Monday, June 11, 2018
The struggle of God's Yes. . .
Christianity is a positive religion -- positive about who God is and where all things came from and our place within it all. While sin is a decided "no", the Lord has not allowed sin to have the final word and therefore neither can the Church. In response to the broken and contrite heart, God's "yes" of forgiveness intervenes to rescue the lost. This is not because of some inherent worthiness or nobility within the person but simply and wholeheartedly from the love that was willing to suffer and die to make this "yes" possible.
The world is caught between a posture of redefining what is sin and what is not and holding the sins of the past against everyone who has trespassed against the holy causes of the modern day. Consider the #metoo movement and its long reach decades into the past to mark the character of individuals whose accomplishments would have been lauded in another time. Consider how a so-called Lutheran seminary in Pennsylvania could forgive nearly everything of its new president but her youthful connection to a group that suggested sexual attraction could change. Consider how a world that insists upon rights for all is so quick to dismiss the rights of the child in the womb. To suggest that Christianity is negative and the world is positive is to miss the contraction and the lack of redemption the world offers to those who have violated the holy contract of right and wrong (at least for this moment).
In contrast, the Church enters this whole conversation with a word largely forgotten by the world -- absolution. Sin is recognized the sinner called to repentance not to isolate or eject him but to connect and restore him. The central arena of Christian truth remains in the context of absolution. The forgiveness of the unworthy and undeserving is made possible not by the atoning acts of the guilty but of the redemptive love of the innocent Son of God. So the cause of forgiveness is laid not upon the guilty but upon those who have suffered offense. The goal is not to cement the wrong and the division that results but to break down the wrong and heal the division with the balm of absolution. The mandate of the Savior to His Church is to forgive as you have been forgiven, enshrined in the most universal prayer so that it cannot be set aside even in piety.
The Church is and has been a positive force for the sake of the family, for the cause of children, for the education and training of people so that they are able to provide for themselves, for the causes of the widow and the child when neither had many rights, and for the establishment and maintenance of community in a world that has born the poisoned fruit of individualism (to the extreme). The Church has been on the forefront of the aged and the orphan, of the sick and mentally ill, and of the cast out and cast offs the world could not tolerate. While suffering so often with the technology that did not always understand or offer good remedy to the causes of suffering, the Church has identified and prospered not among the elites but among the poor and downtrodden. The Church has been both patron of the arts and music while at the same time working among those at the lowest level of society and the most vulnerable.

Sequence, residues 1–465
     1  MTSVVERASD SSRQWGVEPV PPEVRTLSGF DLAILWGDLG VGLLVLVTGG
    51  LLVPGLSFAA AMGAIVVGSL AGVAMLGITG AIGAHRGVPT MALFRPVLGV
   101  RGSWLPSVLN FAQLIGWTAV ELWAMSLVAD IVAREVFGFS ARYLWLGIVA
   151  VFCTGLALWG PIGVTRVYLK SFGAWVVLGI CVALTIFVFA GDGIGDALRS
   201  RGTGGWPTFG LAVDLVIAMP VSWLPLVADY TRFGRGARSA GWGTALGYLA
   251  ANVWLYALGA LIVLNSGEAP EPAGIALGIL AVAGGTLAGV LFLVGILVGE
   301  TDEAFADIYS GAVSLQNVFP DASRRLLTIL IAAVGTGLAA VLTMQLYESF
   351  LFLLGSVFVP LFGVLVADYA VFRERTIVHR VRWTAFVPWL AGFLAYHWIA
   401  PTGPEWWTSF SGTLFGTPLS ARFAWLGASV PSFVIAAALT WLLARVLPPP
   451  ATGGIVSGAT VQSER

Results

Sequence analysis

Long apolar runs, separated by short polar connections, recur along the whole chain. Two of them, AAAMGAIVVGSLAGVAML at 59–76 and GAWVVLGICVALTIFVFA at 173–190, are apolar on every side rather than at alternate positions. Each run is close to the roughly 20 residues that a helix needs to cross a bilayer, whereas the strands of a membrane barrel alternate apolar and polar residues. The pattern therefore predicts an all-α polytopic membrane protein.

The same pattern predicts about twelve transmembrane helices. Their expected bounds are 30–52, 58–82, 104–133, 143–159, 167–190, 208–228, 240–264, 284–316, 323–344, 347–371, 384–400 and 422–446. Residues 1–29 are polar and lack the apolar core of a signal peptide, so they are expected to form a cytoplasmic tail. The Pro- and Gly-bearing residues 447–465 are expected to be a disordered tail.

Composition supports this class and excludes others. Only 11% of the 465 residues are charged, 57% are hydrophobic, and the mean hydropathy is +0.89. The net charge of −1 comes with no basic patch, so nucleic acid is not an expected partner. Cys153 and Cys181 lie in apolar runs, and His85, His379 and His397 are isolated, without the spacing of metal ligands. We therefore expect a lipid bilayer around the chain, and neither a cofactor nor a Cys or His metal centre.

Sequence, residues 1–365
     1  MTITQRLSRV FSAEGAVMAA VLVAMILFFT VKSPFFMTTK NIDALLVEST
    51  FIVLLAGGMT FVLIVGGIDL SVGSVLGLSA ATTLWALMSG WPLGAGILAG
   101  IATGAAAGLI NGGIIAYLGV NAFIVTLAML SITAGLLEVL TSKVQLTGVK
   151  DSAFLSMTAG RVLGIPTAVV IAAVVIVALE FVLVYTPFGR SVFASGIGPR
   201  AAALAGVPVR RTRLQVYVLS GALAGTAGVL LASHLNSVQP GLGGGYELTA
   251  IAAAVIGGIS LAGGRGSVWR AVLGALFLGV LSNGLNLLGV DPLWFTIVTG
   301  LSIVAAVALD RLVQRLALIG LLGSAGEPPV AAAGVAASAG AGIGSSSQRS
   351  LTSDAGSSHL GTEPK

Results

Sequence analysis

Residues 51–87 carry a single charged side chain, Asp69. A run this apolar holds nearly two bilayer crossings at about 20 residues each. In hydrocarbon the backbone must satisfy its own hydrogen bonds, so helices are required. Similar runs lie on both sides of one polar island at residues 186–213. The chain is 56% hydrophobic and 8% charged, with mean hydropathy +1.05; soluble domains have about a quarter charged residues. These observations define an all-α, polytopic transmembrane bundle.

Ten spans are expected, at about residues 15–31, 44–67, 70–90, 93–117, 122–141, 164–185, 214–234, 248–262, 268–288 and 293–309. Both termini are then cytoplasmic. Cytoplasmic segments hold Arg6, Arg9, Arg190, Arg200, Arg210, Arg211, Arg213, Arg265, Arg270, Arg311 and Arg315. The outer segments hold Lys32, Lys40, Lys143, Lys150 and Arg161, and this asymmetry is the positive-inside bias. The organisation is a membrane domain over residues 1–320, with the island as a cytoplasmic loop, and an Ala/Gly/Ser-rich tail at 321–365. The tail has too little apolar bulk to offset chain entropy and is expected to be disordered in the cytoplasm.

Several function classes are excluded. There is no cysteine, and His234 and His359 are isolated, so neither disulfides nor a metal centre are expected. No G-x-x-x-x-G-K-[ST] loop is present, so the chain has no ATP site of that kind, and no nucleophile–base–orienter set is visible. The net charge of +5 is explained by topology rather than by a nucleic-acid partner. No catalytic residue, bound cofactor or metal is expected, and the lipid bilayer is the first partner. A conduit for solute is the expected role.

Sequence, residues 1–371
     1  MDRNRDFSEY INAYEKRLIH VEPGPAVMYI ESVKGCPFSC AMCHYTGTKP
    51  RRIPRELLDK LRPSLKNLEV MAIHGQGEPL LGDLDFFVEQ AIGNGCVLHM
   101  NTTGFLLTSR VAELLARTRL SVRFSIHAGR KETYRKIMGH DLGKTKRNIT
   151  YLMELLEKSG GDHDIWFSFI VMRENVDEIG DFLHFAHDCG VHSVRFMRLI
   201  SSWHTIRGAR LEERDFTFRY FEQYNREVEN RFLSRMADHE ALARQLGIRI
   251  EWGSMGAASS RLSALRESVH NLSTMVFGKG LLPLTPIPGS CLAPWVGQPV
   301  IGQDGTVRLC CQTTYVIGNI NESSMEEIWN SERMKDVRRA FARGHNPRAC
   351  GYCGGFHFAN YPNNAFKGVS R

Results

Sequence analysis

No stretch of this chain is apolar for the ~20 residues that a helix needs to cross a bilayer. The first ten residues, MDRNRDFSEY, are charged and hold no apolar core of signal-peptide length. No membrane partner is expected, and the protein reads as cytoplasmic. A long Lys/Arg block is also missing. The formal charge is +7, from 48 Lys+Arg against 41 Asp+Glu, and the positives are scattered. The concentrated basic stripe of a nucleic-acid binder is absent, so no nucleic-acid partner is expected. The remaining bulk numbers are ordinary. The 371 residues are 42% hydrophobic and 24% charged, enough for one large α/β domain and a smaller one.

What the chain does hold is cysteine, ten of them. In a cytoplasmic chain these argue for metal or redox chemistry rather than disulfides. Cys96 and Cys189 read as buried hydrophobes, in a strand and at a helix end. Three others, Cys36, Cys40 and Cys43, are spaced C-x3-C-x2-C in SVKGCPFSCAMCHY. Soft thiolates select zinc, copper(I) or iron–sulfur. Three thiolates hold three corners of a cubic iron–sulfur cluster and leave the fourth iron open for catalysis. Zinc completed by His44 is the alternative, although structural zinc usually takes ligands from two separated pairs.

The current popular perception of Christianity has largely been negative because it has been born of a world in which government exists to do what the Church had done and in the midst of a social justice agenda that has allowed no dissent. In the face of this, one might expect the Church to stick with the negative. Yet as the pro-life march has shown, the Church continues to rally for the positive causes of life in a world which views it as a settled issue. In a world in which the world uses sexuality, gender, climate change, and the like as photo ops for the elite, the Church is still at work in places where suffering allows no luxury and where real oppression silences any challenge.
So don't allow the world to steal the headline and falsely characterize the Church as a negative agency in a religion dominated by God's "no". We know not this Christianity! We know the faith that heralds God's "yes" of grace and mercy to a world insistent upon a most intolerant tolerance that treats virtue as a trend defined by the moment. As a pastor I am most frustrated when our own members have bought into the fake news perspective on Christianity and the Church and fail to see the good work that is done quietly and yet profoundly week after week on behalf of guilty sinners, those living in the shadow of death, the broken and their broken families, and the hopeless who find it hard to trust anyone. We do not offer simply food or money or the empty promise that we feel your pain. We are there at work in ways that the world refuses to see reclaiming the world for God's Kingdom through the real power of the means of grace and the fruitful lives of good works that bear witness to this faith. Your pastors and your congregations and your fellow Christians are all in the army of the Lord conquering for eternity with the power of the love revealed most profoundly in the cross and the glory glimpsed in Him who came not to be served but to serve and give His life as a ransom for many.